Virasat-e-Khalsa

GALLERY 12: Martyrdom Of Guru Tegh Bahadur & The Guruship Of Guru Gobind


Guru Tegh Bahadur, establishing his seat at Chak Nanki in Makhawal, set out to spread the message of Sikhism to the East. It was in Patna where he left his family to continue his travels. In Dhaka he was given the news of the birth of his son, whom he called Gobind.

After travelling for three years, Guru Tegh Bahadur made his way back to Chak Nanki with his family. It was here that Gobind was educated. Apart from mastering Sanskrit, Punjabi, Persian and Hindustani, he also acquired knowledge of the Holy Scriptures. Guru Tegh Bahadur also made sure that his son was trained in the arts of weaponry and martial combat.

Kashmiri Pandits, terrorized by Aurangzeb's brutal regime to convert the Hindus to Islam, came to Anandpur Sahib to seek shelter under the Guru, who decided to be their shield.

The Pandits were advised to convey to the Mughal command that they would convert to Islam only if the Mughals were able to convert Guru Tegh Bahadur. Bestowing the Guruship on Gobind, Guru Tegh Bahadur left for Delhi to offer the Supreme Sacrifice to protect the faith of the weak and suffering.

No sword could wrest or carve the faith of the Guru. The crowd may have looked on with tears of misery, but history has proclaimed the victory of his martyrdom. Bhai Jaita picked up the severed head of the Guru and, concealing it in his garments, brought it to Guru Gobind at Anandpur. The Guru embraced him saying, "You have in this stormy night, brought the sun. But now such a time has come that the melody of Nanak's chants must be accompanied by the clamour of swords."


Guru Gobind continued to strengthen the Sikhs as a strong military force, skilled in archery, horsemanship and swordsmanship, while simultaneously retaining the spiritual pursuits of the faith. A poet and writer himself, he also patronized poets and sages who composed and preached in Punjabi, Brij, Sanskrit and Persian. The Guru was therefore all in one – a saint, a poet and a warrior.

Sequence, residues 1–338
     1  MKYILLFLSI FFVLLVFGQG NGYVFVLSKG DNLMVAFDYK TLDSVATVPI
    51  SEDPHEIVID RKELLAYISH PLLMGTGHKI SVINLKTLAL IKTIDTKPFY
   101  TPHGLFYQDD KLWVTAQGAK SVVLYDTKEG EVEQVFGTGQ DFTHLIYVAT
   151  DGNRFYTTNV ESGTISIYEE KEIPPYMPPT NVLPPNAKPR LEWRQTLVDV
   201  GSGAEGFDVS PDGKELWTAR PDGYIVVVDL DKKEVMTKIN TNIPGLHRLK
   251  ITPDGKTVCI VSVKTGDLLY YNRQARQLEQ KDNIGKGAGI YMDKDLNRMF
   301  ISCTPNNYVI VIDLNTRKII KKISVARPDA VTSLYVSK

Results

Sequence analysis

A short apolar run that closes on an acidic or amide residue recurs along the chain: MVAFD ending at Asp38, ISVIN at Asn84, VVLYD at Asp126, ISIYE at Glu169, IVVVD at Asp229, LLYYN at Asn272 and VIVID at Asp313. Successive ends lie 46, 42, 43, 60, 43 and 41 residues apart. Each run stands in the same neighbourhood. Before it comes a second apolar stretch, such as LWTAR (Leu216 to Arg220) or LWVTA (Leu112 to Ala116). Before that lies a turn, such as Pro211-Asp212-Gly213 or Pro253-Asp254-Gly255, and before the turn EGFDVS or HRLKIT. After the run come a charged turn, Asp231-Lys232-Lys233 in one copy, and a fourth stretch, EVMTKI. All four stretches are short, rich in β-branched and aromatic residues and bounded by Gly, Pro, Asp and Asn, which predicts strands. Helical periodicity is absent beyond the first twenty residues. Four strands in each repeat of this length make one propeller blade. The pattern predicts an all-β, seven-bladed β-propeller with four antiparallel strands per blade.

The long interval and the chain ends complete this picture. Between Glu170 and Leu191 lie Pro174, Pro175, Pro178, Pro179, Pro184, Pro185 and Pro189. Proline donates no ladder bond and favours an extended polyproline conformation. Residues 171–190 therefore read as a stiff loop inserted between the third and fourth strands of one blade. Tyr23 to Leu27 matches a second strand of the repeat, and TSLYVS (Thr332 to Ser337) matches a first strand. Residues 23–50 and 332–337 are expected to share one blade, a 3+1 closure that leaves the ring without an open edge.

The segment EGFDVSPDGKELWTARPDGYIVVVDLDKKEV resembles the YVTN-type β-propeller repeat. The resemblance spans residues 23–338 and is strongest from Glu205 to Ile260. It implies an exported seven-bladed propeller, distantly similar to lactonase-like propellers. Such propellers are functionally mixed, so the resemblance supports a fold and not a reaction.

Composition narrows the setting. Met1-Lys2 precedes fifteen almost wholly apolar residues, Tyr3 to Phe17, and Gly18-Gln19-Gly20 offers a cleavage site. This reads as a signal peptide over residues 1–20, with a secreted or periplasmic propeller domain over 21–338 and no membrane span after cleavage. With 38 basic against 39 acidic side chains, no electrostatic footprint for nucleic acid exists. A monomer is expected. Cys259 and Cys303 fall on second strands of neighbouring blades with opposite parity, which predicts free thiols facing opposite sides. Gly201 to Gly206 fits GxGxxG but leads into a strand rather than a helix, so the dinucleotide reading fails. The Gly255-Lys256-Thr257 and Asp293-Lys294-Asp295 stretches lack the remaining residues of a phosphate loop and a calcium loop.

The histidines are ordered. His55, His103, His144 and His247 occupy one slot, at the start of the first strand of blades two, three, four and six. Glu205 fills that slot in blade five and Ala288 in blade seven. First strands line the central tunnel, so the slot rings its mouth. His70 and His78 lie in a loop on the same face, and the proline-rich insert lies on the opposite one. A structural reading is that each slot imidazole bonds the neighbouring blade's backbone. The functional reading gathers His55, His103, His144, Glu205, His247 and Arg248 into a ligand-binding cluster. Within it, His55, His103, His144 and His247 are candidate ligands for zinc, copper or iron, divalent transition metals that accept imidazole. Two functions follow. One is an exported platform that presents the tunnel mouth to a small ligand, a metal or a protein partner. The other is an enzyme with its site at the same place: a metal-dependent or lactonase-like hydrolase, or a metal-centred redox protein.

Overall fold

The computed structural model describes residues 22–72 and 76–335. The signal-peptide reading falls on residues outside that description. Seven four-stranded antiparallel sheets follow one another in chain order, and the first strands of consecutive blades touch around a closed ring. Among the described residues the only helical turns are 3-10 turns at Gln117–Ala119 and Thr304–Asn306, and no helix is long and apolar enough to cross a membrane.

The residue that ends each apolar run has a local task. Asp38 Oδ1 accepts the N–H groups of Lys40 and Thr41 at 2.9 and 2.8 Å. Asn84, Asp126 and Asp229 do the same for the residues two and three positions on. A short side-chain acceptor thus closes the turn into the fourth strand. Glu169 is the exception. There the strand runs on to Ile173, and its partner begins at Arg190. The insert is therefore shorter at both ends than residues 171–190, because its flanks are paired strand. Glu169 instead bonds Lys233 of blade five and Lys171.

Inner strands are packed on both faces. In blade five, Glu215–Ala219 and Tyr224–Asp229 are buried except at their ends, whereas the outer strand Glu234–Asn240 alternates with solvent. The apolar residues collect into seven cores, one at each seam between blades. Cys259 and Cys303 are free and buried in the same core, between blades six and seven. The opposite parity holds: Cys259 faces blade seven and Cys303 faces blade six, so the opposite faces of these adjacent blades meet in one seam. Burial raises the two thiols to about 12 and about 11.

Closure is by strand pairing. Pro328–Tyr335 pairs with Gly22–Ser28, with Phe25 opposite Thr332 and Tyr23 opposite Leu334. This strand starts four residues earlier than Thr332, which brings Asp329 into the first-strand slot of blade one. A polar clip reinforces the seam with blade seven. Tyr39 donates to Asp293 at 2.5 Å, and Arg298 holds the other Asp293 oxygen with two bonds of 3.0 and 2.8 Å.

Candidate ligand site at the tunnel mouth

Threatened by the Guru's growing influence, the hill chiefs of the small kingdoms around the Punjab plains launched a military assault at Ponta Sahib. The Sikh army responded and at the Battle of Bhangiani, defeated the hill chiefs, forcing them to retreat.

Military threats to Anandpur Sahib compelled Guru Gobind to the area to fortify the area.

He also initiated the training of his troops in modern weaponry of the time, the first muskets and shotguns. Armed with a strong Khalsa battalion, the Guru assisted Rajput King, Raja Bhim Singh to defeat the Mughal army at the Battle of Nadaun.

Threatened by the Guru's growing influence, the hill chiefs of the small kingdoms around the Punjab plains launched a military assault at Ponta Sahib. The Sikh army responded and at the Battle of Bhangiani, defeated the hill chiefs, forcing them to retreat.

Military threats to Anandpur Sahib compelled Guru Gobind to the area to fortify the area. He also initiated the training of his troops in modern weaponry of the time, the first muskets and shotguns. Armed with a strong Khalsa battalion, the Guru assisted Rajput King, Raja Bhim Singh to defeat the Mughal army at the Battle of Nadaun.

Guru Gobind was a warrior and a strategist, with a captivating and charismatic personality. His court was renowned for offering shelter to the helpless and forlorn. Those who suffered at the hands of the Mughals or even corrupt Massands, the Sikh tax collectors, came to Guru Gobind.



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